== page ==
Is CRM Different … When Customers Are in Charge?


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CRM is slowly changing. Ten years ago, CRM was about using customer data to better target vanilla offers to select customers in the hope that they would buy. And they did. In large numbers. Despite the oft-quoted success rates of only 25-45%, CRM worked well enough to be in common use pretty-much everywhere today. But CRM is primarily about companies, not about customers. And the company is very much in charge.

Then five years ago, Customer Experience Management (CEM) burst on the scene. Unlike CRM, CEM was about knitting all those independent CRM touchpoints together into an end-to-end experience that not only delivered the required sales, but also delivered value to customers too. And over the entire lifecycle from marketing to create the wish to buy, to sales to fulfil that wish, to service to pick up the pieces when something went wrong. CEM is about companies and about customers. It is CRM but it is much more than just CRM at the same time. But the companies are still largely in charge. And therein lies a problem.

The problem is that CRM, or CEM, are not standing still. Driven by the needs of the marketplace, they are continuously evolving (in the Darwinian sense). Today, customers are not only more involved in shaping their own experiences through customer co-creation, they are also starting to organise amongst themselves to deliver products, services and experiences to each other, almost by-passing companies entirely. The motor for this is two-fold; the Internet which provides unparalleled collaboration opportunities at practically zero cost. And mobile telephones which provide an always-on, always-with-you device to run the (mobile) Internet on.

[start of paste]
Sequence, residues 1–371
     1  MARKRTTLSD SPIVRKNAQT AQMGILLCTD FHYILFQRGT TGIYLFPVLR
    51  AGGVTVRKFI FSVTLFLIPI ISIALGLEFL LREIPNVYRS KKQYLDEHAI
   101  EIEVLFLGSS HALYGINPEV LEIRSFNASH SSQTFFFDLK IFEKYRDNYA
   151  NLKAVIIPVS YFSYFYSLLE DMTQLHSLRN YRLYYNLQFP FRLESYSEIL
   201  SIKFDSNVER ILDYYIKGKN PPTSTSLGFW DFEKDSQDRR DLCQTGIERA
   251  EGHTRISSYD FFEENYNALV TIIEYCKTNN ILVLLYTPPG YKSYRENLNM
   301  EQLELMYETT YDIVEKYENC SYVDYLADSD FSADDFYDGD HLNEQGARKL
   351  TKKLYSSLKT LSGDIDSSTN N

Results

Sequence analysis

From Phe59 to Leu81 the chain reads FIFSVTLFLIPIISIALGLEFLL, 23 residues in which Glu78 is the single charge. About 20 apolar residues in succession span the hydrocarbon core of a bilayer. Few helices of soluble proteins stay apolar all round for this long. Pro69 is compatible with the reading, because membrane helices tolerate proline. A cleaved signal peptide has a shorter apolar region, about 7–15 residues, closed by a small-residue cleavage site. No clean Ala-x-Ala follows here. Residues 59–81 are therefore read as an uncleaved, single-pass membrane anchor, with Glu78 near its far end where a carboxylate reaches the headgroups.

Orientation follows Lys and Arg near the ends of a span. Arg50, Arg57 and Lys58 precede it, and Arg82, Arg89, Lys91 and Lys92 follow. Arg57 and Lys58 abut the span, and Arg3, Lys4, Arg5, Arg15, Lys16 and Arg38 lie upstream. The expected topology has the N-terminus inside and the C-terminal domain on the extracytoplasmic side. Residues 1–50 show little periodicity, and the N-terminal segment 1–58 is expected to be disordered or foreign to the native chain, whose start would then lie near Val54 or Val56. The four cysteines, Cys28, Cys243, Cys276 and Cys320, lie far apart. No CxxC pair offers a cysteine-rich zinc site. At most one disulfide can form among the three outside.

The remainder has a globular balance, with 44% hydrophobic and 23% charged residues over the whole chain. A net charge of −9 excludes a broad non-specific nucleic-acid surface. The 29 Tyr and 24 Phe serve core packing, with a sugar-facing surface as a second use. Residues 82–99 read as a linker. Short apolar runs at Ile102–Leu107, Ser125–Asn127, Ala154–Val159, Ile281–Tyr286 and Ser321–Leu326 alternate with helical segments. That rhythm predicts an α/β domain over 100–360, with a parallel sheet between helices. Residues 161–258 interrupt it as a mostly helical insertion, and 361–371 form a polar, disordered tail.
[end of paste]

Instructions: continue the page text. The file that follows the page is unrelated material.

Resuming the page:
The result is to extend Coase’s original thinking on the Theory of the Firm to include new, low-cost, highly collaborative, networked forms of productive organisation. We, common-or-garden customers, are now the market and the producing organisation, through smart mobs swarming in real-time to drive a hard bargain, through buying clubs organising to get a better deal when buying industrial energy, all the way to peer-to-peer banking lending money to each other through multi-sided markets.

Here’s the $64,000 dollar question. If we are now the market and the organisation, what will customer management look like in this brave new world? Will it be driven by multi-sided reputation like at eBay? Will it be driven by a small set of simple rules (and those who enforce them)like in Wikipedia? Or is customer management rendered meaningless in a world where we are both producers and consumers at the same time?

You tell me.

What do you think? Does customer management simply have to adapt as we enter the networked peer-to-peer era? Or is it going to become utterly irrelevant?

Post a response and get the conversation going.

Graham Hill
Independent CRM Consultant
Interim CRM Manager

Graham Hill (Dr G)
Business Troubleshooter | Questioning | Thoughtful | Industrious | Opinions my own | Connect with me on LinkedIn



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